• 13 BUSD emergency loan to Bear Sterns by J.P. Morgan, using FED funds: With a strong activity in mortgage origination and securitization, Bear Sterns failed mainly because it refinanced itself with cheap and very short-term funds and ran out of liquidity. In the reasoning of the author, the FED helped Bear Sterns not because it was “too big to fail” but because the FED feared Bear Sterns could be “too interconnected to fail”.
  • Lehman Brothers bankruptcy: Alain S. Blinder describes four reasons that made the U.S. government refusing a bail-out of Lehman Brothers: Markets had enough time to prepare for the bankruptcy, Lehman Brothers seemed less interconnected to fail than Bear Sterns, the U.S. Government lacked the legal authority to organize a bail-out, and it wanted to avoid moral hazard spreading around.
  • Failure of AIG: Due to its AAA rating and extremely lax regulation in the insurance sector, AIG heavily engaged in trading credit default swaps. The FED helped the insurance company by granting a 85 BUSD loan.
  • Sale of Merrill Lynch to Bank of America: After heavy lending to mortgage originators, Merrill Lynch had to write down, during the financial crisis, these loans substantially.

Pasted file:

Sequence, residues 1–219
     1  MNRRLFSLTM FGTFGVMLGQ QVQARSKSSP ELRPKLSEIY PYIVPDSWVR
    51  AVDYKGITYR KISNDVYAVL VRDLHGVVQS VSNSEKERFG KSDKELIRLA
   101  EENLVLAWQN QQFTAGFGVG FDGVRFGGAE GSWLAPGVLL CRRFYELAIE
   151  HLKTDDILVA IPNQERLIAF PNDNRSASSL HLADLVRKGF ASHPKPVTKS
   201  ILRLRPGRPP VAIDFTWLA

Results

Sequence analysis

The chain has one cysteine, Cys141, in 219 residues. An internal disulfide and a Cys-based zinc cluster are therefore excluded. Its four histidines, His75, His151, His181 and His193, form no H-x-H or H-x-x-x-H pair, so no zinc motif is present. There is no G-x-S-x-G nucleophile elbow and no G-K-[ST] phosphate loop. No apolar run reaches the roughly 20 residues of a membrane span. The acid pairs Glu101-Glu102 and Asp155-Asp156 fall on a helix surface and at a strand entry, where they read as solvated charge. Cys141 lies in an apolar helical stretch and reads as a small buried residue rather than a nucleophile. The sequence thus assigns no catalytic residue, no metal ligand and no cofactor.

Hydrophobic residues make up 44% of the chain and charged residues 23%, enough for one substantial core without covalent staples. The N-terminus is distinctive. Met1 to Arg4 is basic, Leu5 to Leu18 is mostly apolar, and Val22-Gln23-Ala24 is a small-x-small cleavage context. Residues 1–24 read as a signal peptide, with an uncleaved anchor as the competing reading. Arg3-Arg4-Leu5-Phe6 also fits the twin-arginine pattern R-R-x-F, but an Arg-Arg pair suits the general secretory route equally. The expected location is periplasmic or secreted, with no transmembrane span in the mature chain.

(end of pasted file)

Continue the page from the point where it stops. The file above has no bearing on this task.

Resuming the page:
• Sale of Washington Mutual to J.P. Morgan due to extensive sub-prime mortgage lending by the former.
  • Merger of Wachovia into Wells Fargo






Monetary and economic recovery programs in the U.S.

Alain S. Blinder details the options that the FED had to safeguard the economy, i.e. injecting capital directly into banks, buying toxic assets, refinance banks and their toxic assets, or guaranteeing toxic assets. He develops the following operations initiated by the FED and the U.S. government:

  • 700 BUSD Troubled Assets Relief Program (TARP): Contrary to the U.K. which invested exclusively in banks' equity, the U.S. opted for a mix of the repurchase and equity injection solution. The author reports the political process of adopting the TARP program in the U.S.. Against criticism (namely as regards a missing solution of excessive compensation in the banking sector) by others, he views the TARP program as successful. In my view, the book goes too much into the details of the political process here. I would have been more interested in exploring the pros and cons of the different options to save the banking sector.
  • 200 BUSD Term Asset-Backed Securities Loan Facility (TALF): The FED made non-recourse loans to institutions which were willing to buy certain asset-backed securities.